Rev. R. Henry Martin directs the Shreveport-Bossier Rescue Mission, a
Louisiana-based ministry that “reaches out to feed, clothe, shelter and provide
healing services to homeless men, women and families with children.” The
ministry aided 1,200 people in 2010, served over 135,000 meals and is open to
those in need 365 days a year.
Last week, the Chronicle of Philanthropyreported
on a troubling trend that has many of the most innovative new journalism
nonprofits stuck in a bureaucratic black hole at the IRS.
The rise of local nonprofit news
organizations has been heralded as one of the most promising signs in the news
industry’s rapid transformation over the last four years. Veteran reporters,
tech-savvy journalists and citizens are starting vibrant local journalism
nonprofits to fill the gaps commercial media are leaving behind as they
consolidate and slash newsroom jobs.
In its relentless
effort to take over competitor T-Mobile, AT&T has been dangling the promise
of better service and greater access to broadband Internet to rural Americans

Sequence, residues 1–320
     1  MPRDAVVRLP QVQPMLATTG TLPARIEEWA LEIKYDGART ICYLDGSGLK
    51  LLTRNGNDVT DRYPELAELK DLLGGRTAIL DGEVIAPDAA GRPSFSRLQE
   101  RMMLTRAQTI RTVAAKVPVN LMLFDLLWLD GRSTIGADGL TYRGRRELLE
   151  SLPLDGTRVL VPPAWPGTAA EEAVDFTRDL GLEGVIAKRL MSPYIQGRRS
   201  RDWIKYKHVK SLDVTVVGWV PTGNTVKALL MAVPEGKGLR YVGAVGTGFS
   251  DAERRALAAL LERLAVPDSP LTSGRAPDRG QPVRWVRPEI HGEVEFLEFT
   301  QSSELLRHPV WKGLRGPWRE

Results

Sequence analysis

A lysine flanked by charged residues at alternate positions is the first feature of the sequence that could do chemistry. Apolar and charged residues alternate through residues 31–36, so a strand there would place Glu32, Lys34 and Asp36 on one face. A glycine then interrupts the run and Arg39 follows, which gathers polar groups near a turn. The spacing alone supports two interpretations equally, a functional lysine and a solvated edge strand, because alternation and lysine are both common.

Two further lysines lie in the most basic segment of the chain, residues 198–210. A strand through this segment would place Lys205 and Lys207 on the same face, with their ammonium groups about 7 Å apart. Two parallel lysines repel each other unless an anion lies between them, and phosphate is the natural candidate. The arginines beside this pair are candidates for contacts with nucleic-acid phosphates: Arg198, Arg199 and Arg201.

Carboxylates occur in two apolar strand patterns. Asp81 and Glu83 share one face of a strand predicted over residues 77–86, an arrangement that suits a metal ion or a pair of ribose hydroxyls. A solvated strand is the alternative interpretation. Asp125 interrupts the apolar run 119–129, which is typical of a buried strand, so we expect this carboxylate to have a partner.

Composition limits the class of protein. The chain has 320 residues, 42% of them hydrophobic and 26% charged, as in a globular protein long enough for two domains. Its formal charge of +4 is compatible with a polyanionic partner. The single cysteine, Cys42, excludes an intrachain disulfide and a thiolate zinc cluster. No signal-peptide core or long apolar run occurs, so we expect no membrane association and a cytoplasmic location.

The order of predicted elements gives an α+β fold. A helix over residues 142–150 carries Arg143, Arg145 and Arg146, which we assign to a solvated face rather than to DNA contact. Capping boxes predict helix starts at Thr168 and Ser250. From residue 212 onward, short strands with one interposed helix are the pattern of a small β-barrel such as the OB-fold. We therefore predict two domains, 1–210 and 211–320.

as an incentive for policymakers to support and approve the $39 billion deal.
But in eastern Kentucky, activists for rural broadband aren’t holding their
breath and waiting for AT&T to make good on this promise.
The last time I scanned through my local radio dial, I heard
the same pop song, Adele’s “Rolling in the Deep,” playing simultaneously on
three different radio stations. If a couple of senators and their friends in
the broadcast industry have their way, soon we could hear the same song on six
or more stations.
On NPR’s Morning
Edition this Wednesday, reporter Elizabeth Blair took
a hard look at the ways in which advertisers are flooding our media and
having more and more of a say in the content we see between the commercial breaks. New tools and technology have given
consumers more options for skipping the ads that have quietly come to fill as
much as 10 to 15 minutes of a half-hour program. With TiVo and online
streaming, people can increasingly choose what commercials they see — or skip
the ads altogether.
TV journalist David Marash knows the news.
is a former correspondent for ABC’s Nightline
and won Emmys for his reporting on the Oklahoma City bombing and the explosion
of TWA Flight 800. He was an anchor for Al Jazeera English from 2006–2008. He’s
spent a good 50 years in the business.
also means Marash knows when the networks are trying to pass something off as
news that isn’t news. He calls it “news whiz”: Like Cheez Whiz, it’s an
embarrassing substitute for the real thing.